1. Recruitment – Interns should be recruited in broadly the same way as regular employees of an organisation, with proper consideration given to how their skills and qualifications fit with the tasks they will be expected to fulfil. Recruitment should be conducted in an open and rigorous way to enable fair and equal access to available internships. The job advertisement should give a clear indication of how long the internship will last, and at interview, the intern should be told honestly whether there is a real chance of obtaining a full-time contract.

2. Induction – Interns should receive a proper induction to the organisation they enter to allow them to fully integrate. Whether joining a large organisation, or an SME, an Intern just entering the job market may find the workplace intimidating. It is important to introduce an intern to the staff and the values of the organisation to help them integrate into the team, and allow them to hit the ground running.

3. Supervision – Organisations should ensure there is a dedicated person(s) who has ring-fenced time in their work schedule to supervise the intern and conduct regular performance reviews. This person should provide ongoing feedback to the intern, be their advocate and mentor during the period of internship, and conduct a formal performance review to evaluate the success of their time with the organisation.

4. Treatment – During their time with an organisation interns should be treated with exactly the same degree of professionalism and duty of care as regular employees. They should not be seen as ‘visitors’ to the organisation, or automatically assigned routine tasks that do not make use of their skills. Organisations should make some allowance for interns to, on occasion, attend job interviews or complete study requirements.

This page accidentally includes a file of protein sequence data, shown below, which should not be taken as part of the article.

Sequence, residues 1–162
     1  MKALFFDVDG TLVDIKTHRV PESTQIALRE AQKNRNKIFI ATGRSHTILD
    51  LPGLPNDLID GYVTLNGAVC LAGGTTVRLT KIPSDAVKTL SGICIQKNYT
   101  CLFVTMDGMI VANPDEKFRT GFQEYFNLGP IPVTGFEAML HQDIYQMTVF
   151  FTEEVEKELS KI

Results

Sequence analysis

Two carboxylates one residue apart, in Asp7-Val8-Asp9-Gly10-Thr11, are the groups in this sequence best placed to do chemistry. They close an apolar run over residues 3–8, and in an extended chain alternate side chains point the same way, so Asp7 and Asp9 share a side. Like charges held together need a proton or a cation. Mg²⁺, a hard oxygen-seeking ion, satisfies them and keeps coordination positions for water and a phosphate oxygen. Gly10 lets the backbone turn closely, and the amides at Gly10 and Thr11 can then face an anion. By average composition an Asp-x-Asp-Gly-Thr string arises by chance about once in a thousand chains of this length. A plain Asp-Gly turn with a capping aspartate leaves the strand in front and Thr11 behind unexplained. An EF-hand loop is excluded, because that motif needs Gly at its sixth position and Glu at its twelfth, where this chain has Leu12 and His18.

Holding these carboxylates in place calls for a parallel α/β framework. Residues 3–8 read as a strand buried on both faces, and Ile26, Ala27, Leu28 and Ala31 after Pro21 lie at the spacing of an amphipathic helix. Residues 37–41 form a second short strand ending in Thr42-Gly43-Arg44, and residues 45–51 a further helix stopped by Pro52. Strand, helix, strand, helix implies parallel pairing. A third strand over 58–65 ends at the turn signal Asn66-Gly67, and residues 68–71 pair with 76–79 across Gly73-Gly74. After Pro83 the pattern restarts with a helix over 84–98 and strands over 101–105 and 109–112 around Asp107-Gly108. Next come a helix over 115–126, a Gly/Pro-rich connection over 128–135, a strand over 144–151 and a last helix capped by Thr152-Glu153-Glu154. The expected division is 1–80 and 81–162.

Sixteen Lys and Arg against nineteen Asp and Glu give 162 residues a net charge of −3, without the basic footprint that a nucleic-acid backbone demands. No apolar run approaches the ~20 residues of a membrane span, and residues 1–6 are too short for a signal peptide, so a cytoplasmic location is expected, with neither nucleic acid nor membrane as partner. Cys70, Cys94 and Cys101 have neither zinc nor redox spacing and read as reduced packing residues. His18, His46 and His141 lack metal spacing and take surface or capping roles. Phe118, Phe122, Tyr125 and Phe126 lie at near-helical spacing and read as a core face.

5. Payment and Duration – As a bare minimum the organisation should cover any necessary work-related expenses incurred by the intern. This includes travel to and from work, and any travel costs incurred whilst attending external meetings/events. If an internship is unpaid and provides only expenses, then the internship should be no longer than four months.

6. Certification/Reference and Feedback – On completion of their internship organisations should provide interns with a certificate/reference letter detailing the work they have undertaken, the skills and experience acquired, and the content of the formal performance review conducted at the end of the internship. Interns should also be offered the opportunity to give feedback on their experience in an ‘exit interview’, giving organisations the opportunity to reflect on its own performance in delivering internships.

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HR urges tax breaks for hiring jobless

HR professionals have backed calls for tax breaks to be given to businesses hiring the long-term unemployed.

As unemployment reached 2.47 million last week, a survey of 500 finance directors by law firm Grant Thornton revealed that 59% supported plans to offer workers a year’s holiday from paying national insurance contributions when hiring people who have been out of work for more than 12 months.

Sandy Begbie, executive HR director at Aegon UK, told Personnel Today: “It is clear there are risks associated with the recruitment of the long-term unemployed, and as such there should be some incentive for employers to recruit from that population.
“It would encourage employers to recruit the long-term unemployed while also providing employers with the opportunity of giving something back to the community as part of a well-developed corporate responsibility plan.”

Jonathan Cawthra, group resources director of housing association Affinity Sutton, added: “This initiative would create a financial incentive and some headroom that tilts the scales in favour of taking the risk, so I support it.”